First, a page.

Overlock Arts: Hackney venue loses alcohol bid after 'plaguing' street with 'breathtakingly loud' music
PUBLISHED: 14:25 18 March 2019 | UPDATED: 15:49 18 March 2019
A bid to turn “what was someone’s house till a few months ago” into a club has been rejected after dozens of neighbours complained organisers had already been breaching licensing conditions and “plaguing” them with “breathtakingly loud music” until the early hours.
Overlock Arts sought permission from Hackney Council to put on plays, films, music and dance, and to serve alcohol until 11pm at the former Victorian textiles factory in Belsham Street, Hackney.
But dubious neighbours feared it would amount to little more than an excuse to hold club nights in the quiet backstreet.
They pointed out Overlock’s first two events, held in December under temporary event notices, had overrun by several hours. The first, on December 8, was granted a temporary event notice until 2am but, according to one neighbour, “operated with a sound system until 4am and the party continued until 5.30am with loud altercations taking place between customers, security staff and taxi drivers”.
Police had been called to the events, which sparked multiple complaints to the council of excessive noise nuisance and anti-social behaviour.
More than 60 objections were filed with the planning sub-committee. One Belsham Street neighbour described how they had only realised the venue was holding an event on New Year’s Eve when they tried to leave their house that evening.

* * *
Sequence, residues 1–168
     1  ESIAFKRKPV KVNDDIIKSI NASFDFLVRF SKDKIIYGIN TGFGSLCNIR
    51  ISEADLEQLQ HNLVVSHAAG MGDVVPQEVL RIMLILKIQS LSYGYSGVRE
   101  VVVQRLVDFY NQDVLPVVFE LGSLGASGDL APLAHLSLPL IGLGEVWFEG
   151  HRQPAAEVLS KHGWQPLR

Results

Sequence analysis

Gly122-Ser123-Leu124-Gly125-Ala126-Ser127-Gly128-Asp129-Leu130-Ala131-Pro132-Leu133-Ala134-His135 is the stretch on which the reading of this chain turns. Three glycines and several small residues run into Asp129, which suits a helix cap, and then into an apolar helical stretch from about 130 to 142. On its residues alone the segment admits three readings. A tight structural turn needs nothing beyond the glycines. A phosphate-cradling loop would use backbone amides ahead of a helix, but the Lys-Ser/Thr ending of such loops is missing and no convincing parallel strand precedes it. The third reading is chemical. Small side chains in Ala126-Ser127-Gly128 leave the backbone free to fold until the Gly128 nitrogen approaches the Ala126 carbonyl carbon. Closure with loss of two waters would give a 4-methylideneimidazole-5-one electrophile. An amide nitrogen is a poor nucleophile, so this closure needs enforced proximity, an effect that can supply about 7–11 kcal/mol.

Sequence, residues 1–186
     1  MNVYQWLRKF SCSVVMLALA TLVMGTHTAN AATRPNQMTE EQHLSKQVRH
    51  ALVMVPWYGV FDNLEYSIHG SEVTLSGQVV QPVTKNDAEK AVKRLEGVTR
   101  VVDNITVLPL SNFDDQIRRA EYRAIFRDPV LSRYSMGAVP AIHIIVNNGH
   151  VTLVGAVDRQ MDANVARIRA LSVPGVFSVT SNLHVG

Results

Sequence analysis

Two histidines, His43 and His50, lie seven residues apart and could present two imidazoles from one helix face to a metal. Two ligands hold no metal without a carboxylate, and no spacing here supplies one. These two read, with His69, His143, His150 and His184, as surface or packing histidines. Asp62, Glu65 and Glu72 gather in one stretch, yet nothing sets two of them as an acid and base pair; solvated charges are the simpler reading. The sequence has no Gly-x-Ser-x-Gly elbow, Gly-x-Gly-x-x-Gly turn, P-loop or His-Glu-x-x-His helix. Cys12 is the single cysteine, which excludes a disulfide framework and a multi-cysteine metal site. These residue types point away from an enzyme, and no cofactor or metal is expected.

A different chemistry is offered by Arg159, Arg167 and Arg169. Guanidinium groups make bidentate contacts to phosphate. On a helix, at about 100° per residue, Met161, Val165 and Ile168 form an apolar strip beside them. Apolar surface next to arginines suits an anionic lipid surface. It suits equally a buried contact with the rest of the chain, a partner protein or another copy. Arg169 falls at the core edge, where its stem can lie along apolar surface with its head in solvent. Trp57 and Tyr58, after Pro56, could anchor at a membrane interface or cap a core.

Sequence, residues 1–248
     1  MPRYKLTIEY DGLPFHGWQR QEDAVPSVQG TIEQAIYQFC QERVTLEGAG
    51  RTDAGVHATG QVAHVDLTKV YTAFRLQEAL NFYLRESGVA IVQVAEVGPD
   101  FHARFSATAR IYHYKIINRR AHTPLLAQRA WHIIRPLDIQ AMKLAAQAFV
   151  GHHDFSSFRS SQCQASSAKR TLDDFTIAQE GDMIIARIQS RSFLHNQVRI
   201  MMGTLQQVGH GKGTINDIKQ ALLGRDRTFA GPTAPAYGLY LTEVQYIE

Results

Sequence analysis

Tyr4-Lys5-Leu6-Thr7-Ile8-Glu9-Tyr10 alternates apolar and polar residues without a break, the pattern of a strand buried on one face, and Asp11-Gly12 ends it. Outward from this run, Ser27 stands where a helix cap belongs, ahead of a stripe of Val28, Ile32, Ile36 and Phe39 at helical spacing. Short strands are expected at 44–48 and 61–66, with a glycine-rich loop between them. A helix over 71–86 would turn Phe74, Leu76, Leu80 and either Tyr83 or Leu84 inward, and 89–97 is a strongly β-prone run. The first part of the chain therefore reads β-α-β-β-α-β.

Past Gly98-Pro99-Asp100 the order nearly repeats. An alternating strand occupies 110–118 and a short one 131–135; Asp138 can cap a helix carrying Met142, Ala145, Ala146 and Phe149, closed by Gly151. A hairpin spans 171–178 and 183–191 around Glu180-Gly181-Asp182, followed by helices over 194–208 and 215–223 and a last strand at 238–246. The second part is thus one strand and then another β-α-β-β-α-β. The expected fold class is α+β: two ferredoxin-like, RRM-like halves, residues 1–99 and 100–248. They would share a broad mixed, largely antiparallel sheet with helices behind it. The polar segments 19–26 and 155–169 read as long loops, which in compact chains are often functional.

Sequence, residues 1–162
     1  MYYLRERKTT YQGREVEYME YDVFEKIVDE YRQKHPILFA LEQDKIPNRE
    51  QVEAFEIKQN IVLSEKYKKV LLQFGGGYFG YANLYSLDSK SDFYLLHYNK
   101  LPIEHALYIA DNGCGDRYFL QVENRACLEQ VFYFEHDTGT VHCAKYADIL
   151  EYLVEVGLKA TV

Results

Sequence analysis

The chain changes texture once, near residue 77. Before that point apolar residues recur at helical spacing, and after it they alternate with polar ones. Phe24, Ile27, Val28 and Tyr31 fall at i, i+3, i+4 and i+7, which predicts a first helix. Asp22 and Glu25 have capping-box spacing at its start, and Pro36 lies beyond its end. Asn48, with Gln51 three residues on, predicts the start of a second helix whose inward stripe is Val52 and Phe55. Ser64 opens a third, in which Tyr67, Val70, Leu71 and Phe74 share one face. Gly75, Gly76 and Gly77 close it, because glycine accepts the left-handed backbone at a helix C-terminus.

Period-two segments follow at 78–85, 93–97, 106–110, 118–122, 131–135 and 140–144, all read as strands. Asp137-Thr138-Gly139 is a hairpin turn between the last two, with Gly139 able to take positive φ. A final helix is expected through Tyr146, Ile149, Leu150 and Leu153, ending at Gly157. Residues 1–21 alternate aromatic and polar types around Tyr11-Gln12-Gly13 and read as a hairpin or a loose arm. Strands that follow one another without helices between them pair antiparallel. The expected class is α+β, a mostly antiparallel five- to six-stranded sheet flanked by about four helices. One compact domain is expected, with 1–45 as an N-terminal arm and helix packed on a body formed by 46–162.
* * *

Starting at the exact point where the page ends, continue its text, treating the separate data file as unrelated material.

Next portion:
“My doorstep had been cordoned off and designated as a smoking area,” they said. “I was told this with great authority by one of the two security guards manning the doorway to the venue.”
Another with chronic health conditions they said were made worse by missing a night’s sleep said the application filled them “with dread”.
“They have already been plaguing us with their parties, filming music videos on the roof, and breathtakingly loud music going on all night,” they wrote.
They said they counted over 50 people partying on the roof at New Year - although that space is not believed to be owned by Overlock Arts - and they alleged: “There was a strong smell of weed and people drinking, smoking and shouting. They also lit fire braziers on the roof. Is that all licensed?”
Another person complained: “The police were called out because of noise disturbance. Customers spilled out onto the pavement, some urinating and vomiting on the road and in the gardens opposite, some drinking from bottles concealed behind cars on the road, and others having noisy arguments and altercations. The security staff did nothing to prevent this.
“The downstairs venue employed smoke effects which they were unable to contain and which spread throughout the building.”
Petitions were also filed from residents at the Textile Building in Chatham Place and Trelawney Estate.
Councillors expressed concerned about the health and safety risks posed by the old warehouse, and rejected the application.
One of the 30 objectors who turned up to the licensing sub-committee meeting told the Gazette: “At the hearing, Overlock presented some proposed mitigating measures to attempt to reduce our concerns, which included handing out lollipops to people leaving the venue and asking local taxi firms to remind drivers not to slam doors when collecting.”
Overlock Arts was approached for comment.